Exemption Notice: A notice produced in accordance with subchapter 8 for an action that a proposing agency or approving agency on behalf of an applicant determines to be exempt from preparation of an environmental assessment. (Haw. Admin. Rules § 11-200.1-2)

Finding of No Significant Impact (FONSI): A determination by an agency based on an environmental assessment that an action not otherwise exempt will not have a significant effect on the environment and therefore does not require the preparation of an environmental impact statement. (Haw. Rev. Stat. § 343-2)

Hawai'i Environmental Policy Act (HEPA): The state law that establishes a system of environmental review at the state and county levels which shall ensure that environmental concerns are given appropriate consideration in decision making along with economic and technical considerations. (Haw. Rev. Stat. § 343-1)

Historic Property: Any building, structure, object, district, area, or site, including heiau and underwater site, which is over fifty years old. (Haw. Rev. Stat. § 6E-2)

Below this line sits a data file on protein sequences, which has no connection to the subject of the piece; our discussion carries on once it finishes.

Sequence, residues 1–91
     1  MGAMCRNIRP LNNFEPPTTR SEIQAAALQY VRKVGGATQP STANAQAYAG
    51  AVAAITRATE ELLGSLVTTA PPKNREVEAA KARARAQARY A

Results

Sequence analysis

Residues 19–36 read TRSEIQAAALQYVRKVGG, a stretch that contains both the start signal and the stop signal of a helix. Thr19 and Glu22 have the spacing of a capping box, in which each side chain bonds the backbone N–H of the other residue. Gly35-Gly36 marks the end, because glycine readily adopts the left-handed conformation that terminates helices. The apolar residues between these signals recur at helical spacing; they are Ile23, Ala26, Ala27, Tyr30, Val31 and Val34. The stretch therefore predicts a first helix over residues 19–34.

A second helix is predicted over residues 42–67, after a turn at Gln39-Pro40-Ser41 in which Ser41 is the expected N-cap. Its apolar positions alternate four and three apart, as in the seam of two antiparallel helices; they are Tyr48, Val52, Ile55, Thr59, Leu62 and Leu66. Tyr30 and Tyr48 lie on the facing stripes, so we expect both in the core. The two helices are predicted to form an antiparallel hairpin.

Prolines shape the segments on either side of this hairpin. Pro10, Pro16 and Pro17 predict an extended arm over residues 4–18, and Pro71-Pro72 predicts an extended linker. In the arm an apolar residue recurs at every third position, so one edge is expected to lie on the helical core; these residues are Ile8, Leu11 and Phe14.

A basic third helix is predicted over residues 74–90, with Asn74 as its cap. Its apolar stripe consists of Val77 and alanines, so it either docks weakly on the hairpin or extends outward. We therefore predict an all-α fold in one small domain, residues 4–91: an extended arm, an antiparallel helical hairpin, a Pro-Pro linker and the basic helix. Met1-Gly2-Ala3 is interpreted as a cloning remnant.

Mitigation: Avoiding an impact altogether by not taking a certain action or parts of an action; minimizing an impact by limiting the degree or magnitude of the action and its implementation; rectifying an impact by repairing, rehabilitating, or restoring the affected environment; reducing or eliminating an impact over time by preservation and maintenance operations during the life of the action; or compensating for an impact by replacing or providing substitute resources or environments. (Haw. Admin. Rules § 11-200.1-2)

Office of Environmental Quality Control (OEQC): The office that implements Hawai'i's environmental impact statement law, Chapter 343, Hawai'i Revised Statutes. (Haw. Rev. Stat. § 341-3)

Preparation Notice: A written notice that an action is determined to require an environmental impact statement based on either an agency's judgment and experience that the proposed action may have a significant effect on the environment or from the agency's review of an applicant's detailed project description or an agency's review of public comments submitted in response to an environmental assessment determination that a full environmental impact statement is necessary. (Haw. Admin. Rules § 11-200.1-2)